A guide to this blog's James Bond marathon can be found right here.

Directed by Terence Young
Written by Richard Maibaum & Johanna Harwood & Berkely Mather
Premiered 5 October, 1962

NA - the only Eon Productions Bond film without a pre-title sequence.

This being the first-ever James Bond film and all, some of the kinks were still to be worked out, and one of those is the title sequence: instead of a pop song using the title as an inexplicable lyric (which I imagine would have included the refrain "Dr. No! Dr. No! Dr. No! Dr... Yesssss!", Dr. No makes do with one of the most insanely iconic pieces of film scoring in history: the James Bond Theme, composed by Monty Norman and arranged and performed by John Barry. You know it: "DUH-duh duhduh DUH-duh duhduh DUH-duh-DUH-duhduh." And so forth. Not hardly a better way to introduce world cinema to one of its most enduring heroes than to launch into his ecstatically '60s leitmotif, incorporating a sort of brassy jazzy sound with surf rock guitars.

The only problem, though, and it's a biggie: there comes a point where it sort of drifts away to be replaced by a bright but largely anonymous bit of calypso, that then shades into another calypso song, a cover of "Three Blind Mice", unimaginatively setting up the three blind assassins who start the plot off. None of it sounds wrong, as such, but it doesn't flow worth a damn.

Rating: 4 Shirley Basseys

The first of Maurice Binder's many wonderful title sequences is largely centered around circles and lines - beginning, of course, with that instantly-recongnisable line of white dots sliding across the screen before transforming into a gun barrel, through which we watch stuntman Bob Simmons shoot us dead as our blood trickles down the screen.

From then it's on to a cavalcade of primary-colored shapes, an marvelous abstract Pop-influenced animation that suggests in a vague way computers, or a sound mixing board, or God knows what - but my word, is it ever the early 1960s. Then, as the James Bond Theme disappears, we get the series' very first dancing girl silhouettes! And even these are primary-colored and Poppy, and all in all it is just about as terrifically sleek in its graphic cleanness as you could conceivably want. It's not the best of the title sequences, but it's one of the most distinctive, and it set the tone not just for the series, but for dozens of other credit sequences in films for years and years to come.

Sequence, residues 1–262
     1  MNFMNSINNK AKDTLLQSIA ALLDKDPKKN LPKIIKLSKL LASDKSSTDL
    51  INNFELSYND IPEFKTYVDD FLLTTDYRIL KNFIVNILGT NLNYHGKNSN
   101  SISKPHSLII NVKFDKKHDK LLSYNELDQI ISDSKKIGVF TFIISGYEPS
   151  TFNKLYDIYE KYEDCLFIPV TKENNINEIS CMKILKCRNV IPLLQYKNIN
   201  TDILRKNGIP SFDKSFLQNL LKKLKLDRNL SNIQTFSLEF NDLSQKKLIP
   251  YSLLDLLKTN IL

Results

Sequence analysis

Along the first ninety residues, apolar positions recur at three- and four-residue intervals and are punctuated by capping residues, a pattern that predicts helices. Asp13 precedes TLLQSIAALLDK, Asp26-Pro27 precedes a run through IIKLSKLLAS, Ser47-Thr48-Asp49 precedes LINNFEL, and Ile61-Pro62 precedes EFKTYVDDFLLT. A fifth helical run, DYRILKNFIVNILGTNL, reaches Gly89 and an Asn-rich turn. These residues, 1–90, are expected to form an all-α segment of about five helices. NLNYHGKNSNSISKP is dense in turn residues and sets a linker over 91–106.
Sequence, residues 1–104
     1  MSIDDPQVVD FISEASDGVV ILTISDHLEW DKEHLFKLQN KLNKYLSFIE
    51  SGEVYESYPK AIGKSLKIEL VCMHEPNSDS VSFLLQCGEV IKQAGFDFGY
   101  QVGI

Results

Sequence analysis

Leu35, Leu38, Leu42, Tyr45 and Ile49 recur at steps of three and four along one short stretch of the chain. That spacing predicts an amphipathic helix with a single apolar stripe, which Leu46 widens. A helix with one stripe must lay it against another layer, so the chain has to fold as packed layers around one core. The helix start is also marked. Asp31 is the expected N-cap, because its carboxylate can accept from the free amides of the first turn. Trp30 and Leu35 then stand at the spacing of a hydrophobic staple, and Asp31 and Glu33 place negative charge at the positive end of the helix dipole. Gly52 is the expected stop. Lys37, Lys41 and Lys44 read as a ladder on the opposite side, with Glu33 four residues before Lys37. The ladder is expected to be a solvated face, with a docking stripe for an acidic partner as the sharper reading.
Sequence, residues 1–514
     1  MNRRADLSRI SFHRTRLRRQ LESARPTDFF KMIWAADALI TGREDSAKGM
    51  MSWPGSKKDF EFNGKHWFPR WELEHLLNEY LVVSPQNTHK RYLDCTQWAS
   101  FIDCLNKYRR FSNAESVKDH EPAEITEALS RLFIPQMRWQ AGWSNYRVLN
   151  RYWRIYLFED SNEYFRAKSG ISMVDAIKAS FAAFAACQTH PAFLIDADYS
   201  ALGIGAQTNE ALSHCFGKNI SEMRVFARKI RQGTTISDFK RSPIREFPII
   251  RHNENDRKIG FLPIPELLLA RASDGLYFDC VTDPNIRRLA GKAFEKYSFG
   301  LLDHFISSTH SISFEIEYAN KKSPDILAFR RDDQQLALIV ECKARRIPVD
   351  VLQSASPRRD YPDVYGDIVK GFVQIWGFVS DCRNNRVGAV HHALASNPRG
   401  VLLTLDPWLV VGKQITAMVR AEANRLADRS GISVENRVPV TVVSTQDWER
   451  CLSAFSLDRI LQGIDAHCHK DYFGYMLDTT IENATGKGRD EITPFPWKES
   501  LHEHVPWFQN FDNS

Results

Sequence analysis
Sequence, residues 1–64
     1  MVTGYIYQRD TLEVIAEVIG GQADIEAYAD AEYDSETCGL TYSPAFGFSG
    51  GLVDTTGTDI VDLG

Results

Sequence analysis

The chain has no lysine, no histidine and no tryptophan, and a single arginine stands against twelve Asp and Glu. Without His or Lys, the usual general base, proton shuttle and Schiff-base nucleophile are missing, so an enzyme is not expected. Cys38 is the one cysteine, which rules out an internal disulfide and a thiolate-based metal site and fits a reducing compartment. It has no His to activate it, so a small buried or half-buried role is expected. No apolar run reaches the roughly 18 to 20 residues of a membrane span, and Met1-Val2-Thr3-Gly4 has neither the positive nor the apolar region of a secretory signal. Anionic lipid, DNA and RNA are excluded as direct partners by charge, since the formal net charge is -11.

Rating: 5 Silhouetted Women

Adapted from Ian Fleming's 1958 novel - his sixth James Bond adventure - Dr. No strikes a good balance as an adaptation, leaving most of the book intact (far more than the bulk of its sequels, anyway) without strangling itself with fidelity. Herein, Bond (Sean Connery) is sent to Jamaica to investigate the death of another MI6 agent; as he pokes around, Bond quickly discovers that the agent was investigating the peculiarities surrounding Crab Key, a private island some miles away. Recreating the information that his predecessor was killed over, Bond eventually arrives on the island to find that it is the centerpiece of a plan perpetrated by SPECTRE - the Special Executive for Counterintelligence, Terrorism, Revenge and Extortion, an international crime organisation - to knock American manned space flights out of the sky and thus rule the world. The details are a bit foggy, as is pretty much the entirety of the finale, at least to me: other than "it is evil and must be stopped before they destroy the Mercury Program", I've never quite followed what's happening in the evil control room or how, exactly, SPECTRE intends to rule the world by dicking around with NASA. And, while the low-key mystery plot and the resolutely human-sized drama of it all makes this one of the sanest of all Bond pictures and thus guarantees it a fair number of partisans, I invariably find myself wishing for a few more crazy flights of fancy whenever I watch it.

Rating: 3 Stolen Nukes

Dr. No is meant to be a half-Chinese, half-German engineering of an icily precise demeanor and impeccable taste, and Joseph Wiseman manages half of this balance flawlessly; but he looks about as half-Chinese as Scott Baio. This is not necessarily a slam against the villain or the performer, but against the low-boiling racism present throughout the movie; Fleming's novels were all rather, as it were, colorful in their dismissal of people who skin color came in any other hue than pasty English pink, and Dr. No is one of the two films produced by Eon Productions where this unsavory element of the source material was carried over the most.

That being said, Dr. No still isn't very much of a bad guy. This does have something to do with our ability to read forward to the excessive cartoon villainy that will start showing up in the very next picture - as a genre film villain, Dr. No doesn't have much besides his mysterious black-gloved hands to distinguish himself - but there's more to it than that. From the title of the film itself on down to the many conversations where his name is spoken in a sort of half-hush, Dr. No is set up throughout the movie as a kind of menacing puppetmaster, and the payoff for that needed to be superb - Harry Lime in The Third Man superb, I mean. And he's just not. I do not blame Wiseman for this, who did what he could, and was certainly terrific at the refined, strangling sense of intellectual superiority that the bad doctor displays during his only major scene. But there simply wasn't much to work with: a tacky, trite back story and a crazy expensive aquarium and a pleasant, very nice dinner simply cannot impart the menace the character is stated to have elsewhere in the film.

Rating: 2.5 Evil Cats

Not even James Bond himself got such an iconic introduction as Honey Ryder, portrayed by Swiss sexpot Ursual Andress and the distinctly non-Swiss voice of Nikki Van der Zyl: Andress, sauntering out of the Caribbean in a white bikini is such a famous moment that it hasn't just been parodied God knows how many times, it was even re-done twice in future Bond movies (once with a future Bond Girl, and then with Bond himself). You can't argue with that kind of legendary status, except, well: Andress isn't that great an actress.